By Jessica Salerno, OSCPA senior content manager
“During the last twelve months, it really has proven how quickly crypto can move from being an idea that had been almost written off to a concept that is increasingly part of everyday conversations,” said Sean Stein Smith, CPA, assistant professor at Lehman College. “It’s being talked about at the IRS level, audit firms, tax firms, accounting conferences and podcasts, and at those higher levels including policymakers here in the US and overseas.”
Smith serves on the advisory board of the Wall Street Blockchain Alliance and will present “Cryptocurrency, Blockchain and Financial Services,” at the Financial Institutions Virtual Conference on Aug. 25. He’ll cover where cryptocurrency is now along with how crypto and blockchain technology relates to the financial services industry.
“As Bitcoin and other crypto become integrated into firms, markets, tax audit practices, and advisory services, it really is becoming that Bitcoin and other cryptocurrencies are this new platform for how firms can transfer payments, transfer information and conduct activities,” he said.
Smith said he’s hearing practitioners ask about how to handle clients that have Bitcoin and other crypto from a tax or other compliance-related angle. He’s also getting questions from external companies about how to start using crypto for payments and integrating blockchain into operation.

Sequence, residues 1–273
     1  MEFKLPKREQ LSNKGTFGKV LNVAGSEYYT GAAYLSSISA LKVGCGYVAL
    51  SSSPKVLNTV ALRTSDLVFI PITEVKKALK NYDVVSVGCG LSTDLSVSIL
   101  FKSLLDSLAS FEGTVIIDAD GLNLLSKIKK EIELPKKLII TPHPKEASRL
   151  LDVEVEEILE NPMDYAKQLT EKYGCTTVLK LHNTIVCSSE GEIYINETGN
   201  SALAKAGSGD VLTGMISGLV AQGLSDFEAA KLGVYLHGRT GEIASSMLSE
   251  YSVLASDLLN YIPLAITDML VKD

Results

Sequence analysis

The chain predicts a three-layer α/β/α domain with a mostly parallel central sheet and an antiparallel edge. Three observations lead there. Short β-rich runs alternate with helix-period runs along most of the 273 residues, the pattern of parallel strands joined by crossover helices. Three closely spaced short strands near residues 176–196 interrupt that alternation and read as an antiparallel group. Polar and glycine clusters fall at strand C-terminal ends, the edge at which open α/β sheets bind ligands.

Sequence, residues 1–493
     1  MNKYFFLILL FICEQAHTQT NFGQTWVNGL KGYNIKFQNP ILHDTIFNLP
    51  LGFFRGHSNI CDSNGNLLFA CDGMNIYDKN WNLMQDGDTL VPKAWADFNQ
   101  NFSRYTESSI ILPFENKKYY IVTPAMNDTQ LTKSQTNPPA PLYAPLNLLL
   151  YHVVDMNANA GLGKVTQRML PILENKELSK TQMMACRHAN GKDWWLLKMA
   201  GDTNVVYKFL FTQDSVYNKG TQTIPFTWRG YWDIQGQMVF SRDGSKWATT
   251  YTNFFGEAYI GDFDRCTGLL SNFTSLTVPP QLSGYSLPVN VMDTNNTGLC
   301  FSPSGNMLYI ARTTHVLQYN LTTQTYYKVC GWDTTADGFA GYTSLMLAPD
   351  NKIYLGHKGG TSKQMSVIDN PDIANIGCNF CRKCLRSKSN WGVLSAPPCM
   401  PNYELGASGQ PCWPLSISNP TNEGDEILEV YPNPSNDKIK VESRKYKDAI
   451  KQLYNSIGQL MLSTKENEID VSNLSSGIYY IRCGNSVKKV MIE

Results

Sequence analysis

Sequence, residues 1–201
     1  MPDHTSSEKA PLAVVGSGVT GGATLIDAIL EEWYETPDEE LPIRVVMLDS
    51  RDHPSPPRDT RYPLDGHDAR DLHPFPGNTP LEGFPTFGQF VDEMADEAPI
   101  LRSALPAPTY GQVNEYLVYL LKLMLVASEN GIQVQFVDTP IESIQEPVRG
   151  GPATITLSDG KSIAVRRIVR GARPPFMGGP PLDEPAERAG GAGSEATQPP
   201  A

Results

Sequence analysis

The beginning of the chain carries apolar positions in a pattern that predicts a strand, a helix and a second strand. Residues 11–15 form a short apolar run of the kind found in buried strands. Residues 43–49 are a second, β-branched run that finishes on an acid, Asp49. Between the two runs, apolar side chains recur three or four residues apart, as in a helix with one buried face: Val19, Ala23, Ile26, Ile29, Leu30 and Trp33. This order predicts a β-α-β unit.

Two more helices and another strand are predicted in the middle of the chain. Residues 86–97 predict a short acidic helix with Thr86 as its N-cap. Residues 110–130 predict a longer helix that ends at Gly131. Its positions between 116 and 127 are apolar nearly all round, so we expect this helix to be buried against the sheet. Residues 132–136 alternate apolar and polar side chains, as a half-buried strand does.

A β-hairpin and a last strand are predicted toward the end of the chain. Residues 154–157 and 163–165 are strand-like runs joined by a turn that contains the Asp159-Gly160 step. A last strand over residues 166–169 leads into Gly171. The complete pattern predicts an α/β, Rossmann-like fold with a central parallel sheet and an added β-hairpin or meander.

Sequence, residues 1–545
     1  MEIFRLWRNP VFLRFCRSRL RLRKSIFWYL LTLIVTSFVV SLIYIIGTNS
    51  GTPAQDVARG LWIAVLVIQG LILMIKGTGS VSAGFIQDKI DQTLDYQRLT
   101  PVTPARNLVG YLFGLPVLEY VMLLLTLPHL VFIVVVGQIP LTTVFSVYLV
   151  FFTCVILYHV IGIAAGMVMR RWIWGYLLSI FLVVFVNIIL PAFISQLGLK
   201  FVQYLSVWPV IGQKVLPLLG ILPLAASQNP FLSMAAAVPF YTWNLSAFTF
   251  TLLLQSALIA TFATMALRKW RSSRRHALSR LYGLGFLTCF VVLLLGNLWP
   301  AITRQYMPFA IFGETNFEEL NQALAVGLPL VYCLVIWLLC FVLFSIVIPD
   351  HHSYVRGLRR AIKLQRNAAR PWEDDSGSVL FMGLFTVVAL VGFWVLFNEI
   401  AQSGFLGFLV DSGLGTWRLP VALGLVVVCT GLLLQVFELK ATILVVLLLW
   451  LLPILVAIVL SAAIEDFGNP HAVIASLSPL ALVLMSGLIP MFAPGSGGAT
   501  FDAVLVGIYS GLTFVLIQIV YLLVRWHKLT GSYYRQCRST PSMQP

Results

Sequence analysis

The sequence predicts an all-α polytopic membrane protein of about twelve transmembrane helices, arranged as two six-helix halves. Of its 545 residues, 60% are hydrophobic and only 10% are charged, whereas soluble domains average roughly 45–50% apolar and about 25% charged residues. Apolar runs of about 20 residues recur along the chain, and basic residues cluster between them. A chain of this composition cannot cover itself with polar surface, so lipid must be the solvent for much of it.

He said much of the attention has been on the income tax impact of Bitcoin and other cryptocurrency and is now becoming more about how to help external clients onboard and accept crypto as a form of payment or to help them pay employees, suppliers, and others.
“One piece of advice I have is try to have a long-term view on this as an investment or a pivot toward what is ultimately going to be the new paradigm for how payments and transactions happen,” he said.
Smith said continuing education when it comes to cryptocurrency is key, as the space is evolving quickly. He expects more countries by the end of the year will use some form of crypto asset that is qualified as a currency alternative.
“There are certain areas of the country where, on the surface, blockchain and crypto are not headlines every single day,” Smith said. “But they are really becoming an integrated part of the overall economic landscape.”
Register for the Financial Institutions Virtual Conference and hear more from Sean Stein Smith and other excellent speakers.
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